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Belgian Double beer
‘Double’ beers are usually associated with dark beers. And, although in general they are indeed brown, it is not a required criteria for a double.
This mixture comes to us from Westmalle Abbey, on which everyone has aligned. In fact when the Westmalle Tripel came out, it became obvious that the doubles would be dark beers and the triples lagers.
A proof of this is the pre-war name of the Westmalle Dubbel which was "Dubbel Bruin" (read double brown in Dutch).
But it is true that in general, the beers covered in this style are brown. The appellation is actually more historical than in relation to the beer itself. The categorization of the different beers was done in relation to the customers, who were going to consume them. The single being the beer of the common people, the double for the bourgeois class and the triple was reserved for aristocrats or high ecclesiastical officials.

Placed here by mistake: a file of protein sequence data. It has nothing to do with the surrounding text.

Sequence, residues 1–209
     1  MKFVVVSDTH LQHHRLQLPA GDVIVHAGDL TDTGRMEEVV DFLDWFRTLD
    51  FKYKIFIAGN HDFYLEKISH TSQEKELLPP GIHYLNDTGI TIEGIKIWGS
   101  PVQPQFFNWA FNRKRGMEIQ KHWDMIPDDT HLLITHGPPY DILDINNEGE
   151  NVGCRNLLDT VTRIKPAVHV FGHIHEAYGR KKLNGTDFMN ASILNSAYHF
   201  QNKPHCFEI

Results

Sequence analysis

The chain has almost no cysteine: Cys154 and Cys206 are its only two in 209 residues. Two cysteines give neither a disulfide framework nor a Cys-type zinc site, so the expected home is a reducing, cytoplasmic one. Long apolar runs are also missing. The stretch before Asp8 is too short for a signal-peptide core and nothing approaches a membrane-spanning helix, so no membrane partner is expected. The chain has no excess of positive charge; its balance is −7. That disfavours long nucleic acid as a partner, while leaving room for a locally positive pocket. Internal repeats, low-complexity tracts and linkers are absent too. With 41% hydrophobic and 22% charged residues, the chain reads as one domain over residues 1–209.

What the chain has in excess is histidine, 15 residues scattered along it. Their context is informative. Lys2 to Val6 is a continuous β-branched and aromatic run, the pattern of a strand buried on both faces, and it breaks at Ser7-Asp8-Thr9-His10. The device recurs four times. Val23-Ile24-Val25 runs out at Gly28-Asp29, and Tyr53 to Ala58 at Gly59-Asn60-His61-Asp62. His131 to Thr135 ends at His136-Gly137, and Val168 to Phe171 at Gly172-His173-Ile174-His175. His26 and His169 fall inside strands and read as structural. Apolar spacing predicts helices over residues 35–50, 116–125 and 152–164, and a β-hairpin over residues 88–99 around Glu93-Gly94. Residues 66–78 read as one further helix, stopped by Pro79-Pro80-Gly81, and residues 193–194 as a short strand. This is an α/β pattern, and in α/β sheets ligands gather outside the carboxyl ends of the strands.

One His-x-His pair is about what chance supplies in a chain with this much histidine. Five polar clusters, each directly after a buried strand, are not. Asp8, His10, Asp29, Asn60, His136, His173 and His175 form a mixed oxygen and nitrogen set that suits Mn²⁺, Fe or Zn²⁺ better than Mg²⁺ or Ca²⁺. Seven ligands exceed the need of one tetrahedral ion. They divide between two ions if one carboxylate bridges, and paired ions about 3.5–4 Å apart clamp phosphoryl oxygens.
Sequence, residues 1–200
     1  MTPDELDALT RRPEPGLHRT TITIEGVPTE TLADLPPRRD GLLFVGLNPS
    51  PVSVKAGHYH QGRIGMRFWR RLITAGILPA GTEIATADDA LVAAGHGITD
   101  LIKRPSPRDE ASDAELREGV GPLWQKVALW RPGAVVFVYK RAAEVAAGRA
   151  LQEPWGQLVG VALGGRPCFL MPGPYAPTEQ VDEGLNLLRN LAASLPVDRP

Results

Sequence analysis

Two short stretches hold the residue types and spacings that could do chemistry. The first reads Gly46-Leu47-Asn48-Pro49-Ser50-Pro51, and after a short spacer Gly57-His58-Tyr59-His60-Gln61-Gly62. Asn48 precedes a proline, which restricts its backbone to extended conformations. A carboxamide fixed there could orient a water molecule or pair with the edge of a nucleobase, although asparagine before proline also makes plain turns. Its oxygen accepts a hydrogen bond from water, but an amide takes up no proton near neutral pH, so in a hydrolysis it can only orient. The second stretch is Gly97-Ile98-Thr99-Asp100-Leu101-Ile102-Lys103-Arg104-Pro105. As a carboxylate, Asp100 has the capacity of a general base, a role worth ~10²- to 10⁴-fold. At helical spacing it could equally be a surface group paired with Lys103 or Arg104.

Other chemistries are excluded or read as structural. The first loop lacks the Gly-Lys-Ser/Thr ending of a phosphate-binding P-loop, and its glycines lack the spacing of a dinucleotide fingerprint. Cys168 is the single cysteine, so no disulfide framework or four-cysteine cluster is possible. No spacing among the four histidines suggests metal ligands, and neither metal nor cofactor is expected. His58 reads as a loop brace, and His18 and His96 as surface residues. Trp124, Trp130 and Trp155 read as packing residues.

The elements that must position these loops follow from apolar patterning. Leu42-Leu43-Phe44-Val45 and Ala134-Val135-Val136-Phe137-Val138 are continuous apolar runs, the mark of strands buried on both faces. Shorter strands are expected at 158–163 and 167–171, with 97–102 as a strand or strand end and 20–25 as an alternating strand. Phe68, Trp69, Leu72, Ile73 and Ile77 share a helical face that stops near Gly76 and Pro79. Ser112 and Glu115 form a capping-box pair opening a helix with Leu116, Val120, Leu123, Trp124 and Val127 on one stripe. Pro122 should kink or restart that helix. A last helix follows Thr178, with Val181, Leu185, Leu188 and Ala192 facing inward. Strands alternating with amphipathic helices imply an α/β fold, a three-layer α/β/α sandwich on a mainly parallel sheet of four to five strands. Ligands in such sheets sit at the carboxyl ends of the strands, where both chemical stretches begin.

Doubles are characterized by a pasting that is longer than the single; which gives it a little more body and sugar. This sugar will be transformed during fermentation, which will have the effect of increasing the alcohol level. Overall, the real difference between these styles is that in the past it was more about the category of the beer than the style of beer itself. The confusion is real because there has been no change in the name, while society has greatly evolved in terms of equality between men.